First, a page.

Second Riverwalk painting 11 x 14


Riverwalk's Cafe Ole in San Antonio Ok, I may have to stick to portraits. I did enjoy the Cafe Ole part, but the water ate my lunch. And the trees. What should I have done? Can this be fixed? It seems to be jumbled and a mish mosh of colors, which is what the reference photo is, of course. Simplify? I would someday like to feel as though any subject matter is possible for me to paint. Feeling shut out of landscapes by my as-yet-inadequate methods is frustrating. I wondered whether to post this, but truth is truth and maybe someone has advice for me that will penetrate the fog around my head on this subject.

13 comments:

Pattie said...

Now you know where my head has been with the one I have wrestled with this week. I think this one has wonderful colors and the placement of them makes the painting 'zing'! One thing I noticed is - I know a boat just passed by, does the water churn that much and if so, maybe the behind the boat, needs to show it or less churning in the foreground? I have never seen it..is the river about as wide as a street?

A Painting A Day by Diana Marshall said...

Hi Susan,
What a beautiful painting, I think it's perfect, I have checked out your other landscape paintings and they look fine to me.. well designed, colorful and yes zingy..just what I like. I can't quite see what could be wrong with it, nothing jumps out at me. I love the tree and the string of what I imagine to be, colored lights, and the water makes it for me.

Dianne Mize said...

Keep doing portraits, of course, but don't you dare give up on landscape. What I see that might help the way you feel is to take the values in the water a bit darker, lower chroma and not so much contrast. After that, one way to bring a feeling of unity into a landscape is to find a way to make the edges of three sides a bit darker. A BIT, not much. Squint, squint, squint.
Oh, by the way, this one's got some good stuff in it. Just a bit of tweaking and it will make you feel happy.

Susan Carlin said...

Pattie, Yes, the river is about the width of a street in most places. Does the water seem churned up? Where the white areas are? I wondered about that, too.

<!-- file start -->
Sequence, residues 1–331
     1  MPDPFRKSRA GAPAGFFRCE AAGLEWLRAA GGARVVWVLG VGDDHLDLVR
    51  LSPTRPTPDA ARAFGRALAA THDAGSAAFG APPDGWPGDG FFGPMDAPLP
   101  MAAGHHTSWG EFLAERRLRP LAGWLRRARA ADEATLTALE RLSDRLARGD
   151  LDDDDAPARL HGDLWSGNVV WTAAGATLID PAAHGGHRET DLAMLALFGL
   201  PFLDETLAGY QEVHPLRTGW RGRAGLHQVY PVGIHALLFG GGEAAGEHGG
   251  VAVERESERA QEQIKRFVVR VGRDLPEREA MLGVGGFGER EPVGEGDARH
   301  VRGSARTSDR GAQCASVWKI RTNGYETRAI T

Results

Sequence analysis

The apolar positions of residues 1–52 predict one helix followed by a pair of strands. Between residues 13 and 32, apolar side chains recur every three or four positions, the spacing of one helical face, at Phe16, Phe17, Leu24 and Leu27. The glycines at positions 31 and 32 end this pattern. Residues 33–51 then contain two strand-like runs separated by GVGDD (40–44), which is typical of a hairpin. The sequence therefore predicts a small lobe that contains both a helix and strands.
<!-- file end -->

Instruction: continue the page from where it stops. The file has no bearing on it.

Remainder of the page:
Susan Carlin said...

Diana- Thank you for the positive words... I do see now that my foreground right string of lights needs to continue a bit further right... they end in the middle of nowhere!

Susan Carlin said...

Dianne- I guess I need more explanation about the three sides darker part. I get the part about the foreground being better darker and with contrast. When I go back tomorrow I'll try that. Thank you!!

Dianne Mize said...

Don't take "three sides darker" too seriously. It's just a save-your-butt formula that landscape painters often use. It means to either find a way to make dark go off the edge on at least three sides and/or make any lights going off the edges just a tad darker. These little ploys many times can help anchor things down when a lot of contrast is going on.

S.M. Sedwick said...

This painting is really lively and fun. The colored umbrellas are gorgeous. I think all the "activity" in the water is pulling my eye away from the joyful scene on the riverbank, where it really wants to go. I would try simplifying the surface and tonight down that whiteness, as Dianne said. Then the bridge would be the lightest area in the composition. Also, I don't really think you need to worry about the string of lights not going all the way to the edge. It doesn't bother me at all - plus, a frame would probably cover that up anyway!

Susan Carlin said...

Thank you Dianne and Sarah (and Diane who sent words of wisdom by email) I'll look with fresh eyes tomorrow and see what I might want to change. I'll post any progress then You're so generous to offer your thoughts! I appreciate it very much.

Jo Castillo said...

I love this! You know how I love color. I think changing the water will help your feelings about it. It should be a darker value, especially in the front. I was always told the four corners should be different and the front/lower two are very similar. Darkening them should hold the eye in. The depth and colors are great otherwise.

Susan Carlin said...

Thanks, Jo. I actually considered that and then got all diverted on the cowboy paintings today... I'll look at it again tomorrow! I think you have something there.

pam lewis said...

I also love the liveliness of the riverwalk Cafe Ole' scene. I feel as if I'm back there! Wishful thinking as I sit at work. I love the reflections in the water and the motion; it's all so cheerful!
I'm a bit behind in viewing these. I really enjoyed the cowboy also; both views are wonderful! He is so expressive! Nice work!

Ann Reyes said...

Susan, I think this is a really nice painting. The only suggestion I have is to slightly darken some of the white on the left side of the water. Cover the white with your hand and see what it does to your painting. The white draws your eye and I don't think that's what you want. When you cover it with something a little darker, the sidewalk cafe pops out. I presume that is your emphasis--the beautiful colorful umbrellas. Just tone down the white and I think you'll love the painting. It's very good.

Your portraits are wonderful--I love both the cowboy paintings! But, keep paiting landscapes, too.